My dear friend –

Recently, you told me you consider yourself agnostic and you aren’t sure you believe in God.

First, let me say, I get it. I really do. Matters of faith and spirit are not measurable in the traditional sense of the word. There is mystery, nuance and wonder involved in our perception or knowing about the divine, and you are a person of intelligence and curiosity accustomed to dealing in facts. You are smart, and you don’t just accept other people’s opinions as truth.

In addition, some of the people who identify as “religious” in the media are scaryvehement purveyors of hate and discrimination. Why would anyone want to join a club with members who seem to embody the polar opposite of what their faith teaches? How can any truth be found there?

Even though I understand why you would doubt, I still experienced a deep sense of sadness when I heard you say you aren’t sure you believe in God. Although the semantics of faith matter little to me, having a relationship and ongoing conversation with God is the greatest joy of my life, and, because I love you, this joy is my greatest wish and desire for you. I can’t say what is true for you or for anyone else, but I know what is true for me.

From the time I was a little girl, talking to God was part of how I dealt with the world. My mom taught me to pray, so I did.I too have regularly been frustrated with and hurt by the church, but I have continued to talk to God even when I stayed away from church for a time. I have battled, questioned, read, studied and doubted in a million different ways, but I’ve continued praying because I believed someone heard me. The more I prayed, the more I experienced God. Through all the valleys, prayer felt as real, tangible and true as any relationship in my life.

As I got older, I began to sense my faith was somewhat selfish and too much about my personal comfort. Although I knew God wanted to continue to be my comforter and friend, I began to sense there was so much more. He wanted me to grow into the best version of myself I could be, and growth required sacrifice and intentionality. If I was created in the image of the divine, connection to the divine was the path to my better self.

You once told me how you find it interesting that I seem to think the best of people, a tendency that makes me different. I think you are talking about the tangible “fruit” of walking closely with God for a number of years. Simply put, you become more like those with whom you hang out, and for many, many years, I have been hanging out with Jesus. What you see in me is a direct result of my lifelong faith, not a personality characteristic. Left to my own devices, I am more often selfish, self-involved and critical of others. If your perception of me is true, it is Jesus you see in me and the work of the Holy Spirit in my life.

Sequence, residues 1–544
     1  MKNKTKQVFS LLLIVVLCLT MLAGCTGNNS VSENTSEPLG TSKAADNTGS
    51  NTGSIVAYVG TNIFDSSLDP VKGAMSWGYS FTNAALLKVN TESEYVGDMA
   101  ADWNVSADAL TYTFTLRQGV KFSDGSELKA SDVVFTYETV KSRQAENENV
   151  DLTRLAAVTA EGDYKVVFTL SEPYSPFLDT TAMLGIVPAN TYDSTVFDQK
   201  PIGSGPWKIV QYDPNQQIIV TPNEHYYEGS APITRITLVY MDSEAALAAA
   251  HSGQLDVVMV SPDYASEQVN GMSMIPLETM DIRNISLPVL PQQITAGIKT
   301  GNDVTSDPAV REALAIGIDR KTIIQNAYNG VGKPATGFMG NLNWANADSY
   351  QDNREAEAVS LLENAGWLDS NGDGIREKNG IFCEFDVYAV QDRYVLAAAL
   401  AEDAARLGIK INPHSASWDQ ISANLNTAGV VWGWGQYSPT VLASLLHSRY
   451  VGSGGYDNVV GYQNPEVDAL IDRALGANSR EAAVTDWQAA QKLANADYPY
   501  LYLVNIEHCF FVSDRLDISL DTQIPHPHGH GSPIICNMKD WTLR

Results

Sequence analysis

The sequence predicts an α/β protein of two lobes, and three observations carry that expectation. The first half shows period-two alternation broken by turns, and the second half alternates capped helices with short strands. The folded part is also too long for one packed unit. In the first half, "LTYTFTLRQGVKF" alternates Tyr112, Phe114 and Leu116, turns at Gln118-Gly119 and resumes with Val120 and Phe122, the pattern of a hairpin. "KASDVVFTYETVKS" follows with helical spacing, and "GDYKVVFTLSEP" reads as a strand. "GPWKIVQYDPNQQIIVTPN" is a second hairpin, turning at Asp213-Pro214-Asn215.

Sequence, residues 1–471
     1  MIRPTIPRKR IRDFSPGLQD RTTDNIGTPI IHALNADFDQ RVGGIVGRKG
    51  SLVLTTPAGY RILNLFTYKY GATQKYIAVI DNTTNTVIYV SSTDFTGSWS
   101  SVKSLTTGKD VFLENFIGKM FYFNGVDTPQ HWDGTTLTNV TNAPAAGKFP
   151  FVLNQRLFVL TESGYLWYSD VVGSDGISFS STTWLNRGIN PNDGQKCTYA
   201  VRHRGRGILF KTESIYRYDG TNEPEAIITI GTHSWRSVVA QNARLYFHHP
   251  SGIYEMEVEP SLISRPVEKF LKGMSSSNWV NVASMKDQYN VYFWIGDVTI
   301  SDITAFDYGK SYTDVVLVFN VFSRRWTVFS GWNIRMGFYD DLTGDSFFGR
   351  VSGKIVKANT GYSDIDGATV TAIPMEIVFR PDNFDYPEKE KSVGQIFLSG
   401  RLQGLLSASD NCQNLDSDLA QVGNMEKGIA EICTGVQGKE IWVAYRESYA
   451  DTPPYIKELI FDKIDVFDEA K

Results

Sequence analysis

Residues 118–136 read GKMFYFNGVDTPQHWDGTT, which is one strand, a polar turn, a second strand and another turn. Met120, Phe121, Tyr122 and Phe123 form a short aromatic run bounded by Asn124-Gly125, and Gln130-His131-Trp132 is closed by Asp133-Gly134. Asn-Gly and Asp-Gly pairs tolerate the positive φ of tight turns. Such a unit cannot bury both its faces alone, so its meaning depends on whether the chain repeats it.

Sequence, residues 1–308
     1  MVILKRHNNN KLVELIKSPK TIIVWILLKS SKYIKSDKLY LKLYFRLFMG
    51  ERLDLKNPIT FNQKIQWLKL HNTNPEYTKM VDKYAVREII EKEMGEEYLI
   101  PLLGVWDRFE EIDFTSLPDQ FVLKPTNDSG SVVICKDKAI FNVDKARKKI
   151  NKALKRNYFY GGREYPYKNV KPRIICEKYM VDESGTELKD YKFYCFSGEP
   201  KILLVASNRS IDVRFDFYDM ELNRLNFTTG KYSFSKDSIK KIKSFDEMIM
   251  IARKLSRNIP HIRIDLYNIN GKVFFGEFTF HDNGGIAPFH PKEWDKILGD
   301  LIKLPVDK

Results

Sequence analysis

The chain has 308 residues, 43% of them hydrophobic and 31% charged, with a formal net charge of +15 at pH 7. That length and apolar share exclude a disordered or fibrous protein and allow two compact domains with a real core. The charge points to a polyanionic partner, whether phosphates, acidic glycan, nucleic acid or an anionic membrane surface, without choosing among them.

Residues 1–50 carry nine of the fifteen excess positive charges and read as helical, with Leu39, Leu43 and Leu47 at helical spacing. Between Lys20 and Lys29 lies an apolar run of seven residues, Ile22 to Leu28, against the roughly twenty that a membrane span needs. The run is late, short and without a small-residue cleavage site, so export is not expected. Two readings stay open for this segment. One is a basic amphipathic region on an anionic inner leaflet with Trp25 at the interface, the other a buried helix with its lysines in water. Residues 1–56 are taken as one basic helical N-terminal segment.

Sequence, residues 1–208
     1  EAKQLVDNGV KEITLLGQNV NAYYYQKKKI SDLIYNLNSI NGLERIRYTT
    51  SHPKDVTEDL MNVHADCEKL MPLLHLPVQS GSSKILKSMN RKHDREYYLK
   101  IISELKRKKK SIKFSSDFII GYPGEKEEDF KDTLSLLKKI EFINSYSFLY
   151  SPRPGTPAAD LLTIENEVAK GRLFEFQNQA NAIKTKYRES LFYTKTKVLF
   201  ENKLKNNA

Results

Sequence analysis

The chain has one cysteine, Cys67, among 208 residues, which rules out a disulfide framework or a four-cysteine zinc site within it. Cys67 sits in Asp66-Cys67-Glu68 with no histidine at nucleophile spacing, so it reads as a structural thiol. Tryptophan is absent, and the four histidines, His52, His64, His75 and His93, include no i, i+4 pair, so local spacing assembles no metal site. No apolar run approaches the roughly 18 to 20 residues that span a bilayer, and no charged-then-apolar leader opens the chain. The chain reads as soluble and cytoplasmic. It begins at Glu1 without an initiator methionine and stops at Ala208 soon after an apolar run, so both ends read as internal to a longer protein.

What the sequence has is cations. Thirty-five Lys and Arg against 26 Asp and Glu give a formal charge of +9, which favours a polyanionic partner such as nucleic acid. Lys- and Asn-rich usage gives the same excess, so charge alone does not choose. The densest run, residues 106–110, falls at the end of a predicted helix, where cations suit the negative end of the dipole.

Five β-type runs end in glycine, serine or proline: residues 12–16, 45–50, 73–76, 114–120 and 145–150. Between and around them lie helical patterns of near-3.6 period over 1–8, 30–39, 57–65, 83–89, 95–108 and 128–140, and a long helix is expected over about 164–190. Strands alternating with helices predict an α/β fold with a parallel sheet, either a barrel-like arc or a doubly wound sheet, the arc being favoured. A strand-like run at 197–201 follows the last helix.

My worldview is intimately connected to my understanding of God and how he connects us to one another. My deepest relationships are with those with whom I pray. I love how Jesus talks about the kingdom in the Gospels, an ideal world where we live in connection to our maker and to one another. Once we decided as humans that we didn’t need God and could be our own god instead, we also determined we were all on our own and didn’t need each other anymore. In seeking and finding God, we find our way back to each other and find our way home. The Christian story as told through biblical stories is a beautiful tale of redemption and return. Within the pages of my Bible, I have found truth, strength and purpose. The words of Jesus in particular astound me with their call to radical, sacrificial love. Through those words, the world makes sense for me.

Here is the thing, my dear friend

One of us is wrong.

Either there is a God who cares intimately about us, woos us and desires to lead us to our best selves and to lives of meaning, purpose and co-creation with him.

Or it is all a lie, and I am a giant fool.

It can’t be both.

I have bet my whole life on my perception and belief that goodness, truth and a life of meaning is found by following Jesus. If I’m wrong, if there is no God or if God is disinterested or ambivalent, then so be it. My life has been based on a tremendous lie.

But what if it is true? What if I am right?

If I am right, living a life connected to God is a radical game-changer. If I am right, seeking God is a joyous, sacrificial, transformational ticket to an adventure like none other. If I am right, chasing after Jesus is a brave, bold choice and only for those who are willing to be instruments of change.

And if I am right, it is the life I wish for you.

Don’t give up on God, my friend. If I’m right, God will never give up on you.

Originally published on www.kellyjohnsongracenotes.com.

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